"As he passes the stretch of green at Cheyne Walk, presided over by a statue of Sir Thomas More, he sees a man in a tweed jacket practising his fly fishing on the grass, his lurcher sitting watching patiently. The gillies in Scotland taught Julian and Simon to cast on grass with a button in place of a fly. What is it about the English upper classes that it is still so important to associate themselves with the countryside? Lurchers, rabbits, tweed, Viyella shirts, caps--flat caps are back--and those Dijon mustard trousers. Signifiers. Signifying that these people are the true people of England. You never see a Jew in these togs, accompanied by a lurcher, although that Home Secretary chap used to dress up in new green wellingtons and corduroy trousers in his constituency. God, he looked like a twat. At Eton the thickos with inherited acres regarded themselves as far superior to the merely rich or intelligent."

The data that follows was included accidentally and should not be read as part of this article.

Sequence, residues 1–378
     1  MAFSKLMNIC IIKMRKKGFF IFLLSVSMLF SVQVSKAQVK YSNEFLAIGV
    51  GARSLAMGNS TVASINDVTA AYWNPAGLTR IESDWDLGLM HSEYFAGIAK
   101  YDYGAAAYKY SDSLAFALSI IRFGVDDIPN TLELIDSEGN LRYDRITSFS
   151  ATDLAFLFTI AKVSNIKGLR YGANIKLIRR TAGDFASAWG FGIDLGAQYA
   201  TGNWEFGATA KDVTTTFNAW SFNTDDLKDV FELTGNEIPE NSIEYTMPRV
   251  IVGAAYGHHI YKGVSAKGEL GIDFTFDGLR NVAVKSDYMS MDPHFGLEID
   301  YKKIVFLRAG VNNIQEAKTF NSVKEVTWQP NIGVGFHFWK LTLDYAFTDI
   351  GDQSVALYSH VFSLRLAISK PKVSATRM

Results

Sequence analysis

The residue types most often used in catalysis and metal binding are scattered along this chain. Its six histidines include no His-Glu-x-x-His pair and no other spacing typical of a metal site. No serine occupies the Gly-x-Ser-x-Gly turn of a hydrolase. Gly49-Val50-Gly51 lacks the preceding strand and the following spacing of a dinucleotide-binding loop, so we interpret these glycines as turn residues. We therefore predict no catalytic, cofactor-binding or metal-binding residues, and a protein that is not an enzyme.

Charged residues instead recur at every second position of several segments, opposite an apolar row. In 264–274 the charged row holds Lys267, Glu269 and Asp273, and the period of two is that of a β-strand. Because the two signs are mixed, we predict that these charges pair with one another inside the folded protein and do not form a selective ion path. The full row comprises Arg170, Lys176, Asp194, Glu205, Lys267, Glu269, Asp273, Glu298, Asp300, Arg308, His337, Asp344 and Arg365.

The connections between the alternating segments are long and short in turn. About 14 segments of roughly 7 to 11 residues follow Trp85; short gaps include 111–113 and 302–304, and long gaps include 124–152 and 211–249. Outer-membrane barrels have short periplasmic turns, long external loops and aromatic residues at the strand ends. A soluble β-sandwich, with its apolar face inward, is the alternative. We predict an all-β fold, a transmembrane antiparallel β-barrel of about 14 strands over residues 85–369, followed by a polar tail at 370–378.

Other People's Money, Justin Cartwright (2011)